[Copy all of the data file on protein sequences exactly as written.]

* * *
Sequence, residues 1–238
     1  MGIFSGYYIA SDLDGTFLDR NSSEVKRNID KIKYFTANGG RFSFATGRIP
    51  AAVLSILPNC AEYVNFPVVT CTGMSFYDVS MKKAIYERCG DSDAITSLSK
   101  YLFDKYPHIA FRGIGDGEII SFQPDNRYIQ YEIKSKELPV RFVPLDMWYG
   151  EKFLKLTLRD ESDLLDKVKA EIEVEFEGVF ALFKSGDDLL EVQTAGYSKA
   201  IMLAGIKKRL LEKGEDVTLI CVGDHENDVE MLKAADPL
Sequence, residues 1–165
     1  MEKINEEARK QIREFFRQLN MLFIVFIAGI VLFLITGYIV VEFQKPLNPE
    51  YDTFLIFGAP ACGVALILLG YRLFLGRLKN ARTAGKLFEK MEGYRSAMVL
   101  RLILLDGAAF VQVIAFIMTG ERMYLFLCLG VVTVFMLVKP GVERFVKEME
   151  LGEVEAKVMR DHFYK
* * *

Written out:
Sequence, residues 1–238
     1  MGIFSGYYIA SDLDGTFLDR NSSEVKRNID KIKYFTANGG RFSFATGRIP
    51  AAVLSILPNC AEYVNFPVVT CTGMSFYDVS MKKAIYERCG DSDAITSLSK
   101  YLFDKYPHIA FRGIGDGEII SFQPDNRYIQ YEIKSKELPV RFVPLDMWYG
   151  EKFLKLTLRD ESDLLDKVKA EIEVEFEGVF ALFKSGDDLL EVQTAGYSKA
   201  IMLAGIKKRL LEKGEDVTLI CVGDHENDVE MLKAADPL
Sequence, residues 1–165
     1  MEKINEEARK QIREFFRQLN MLFIVFIAGI VLFLITGYIV VEFQKPLNPE
    51  YDTFLIFGAP ACGVALILLG YRLFLGRLKN ARTAGKLFEK MEGYRSAMVL
   101  RLILLDGAAF VQVIAFIMTG ERMYLFLCLG VVTVFMLVKP GVERFVKEME
   151  LGEVEAKVMR DHFYK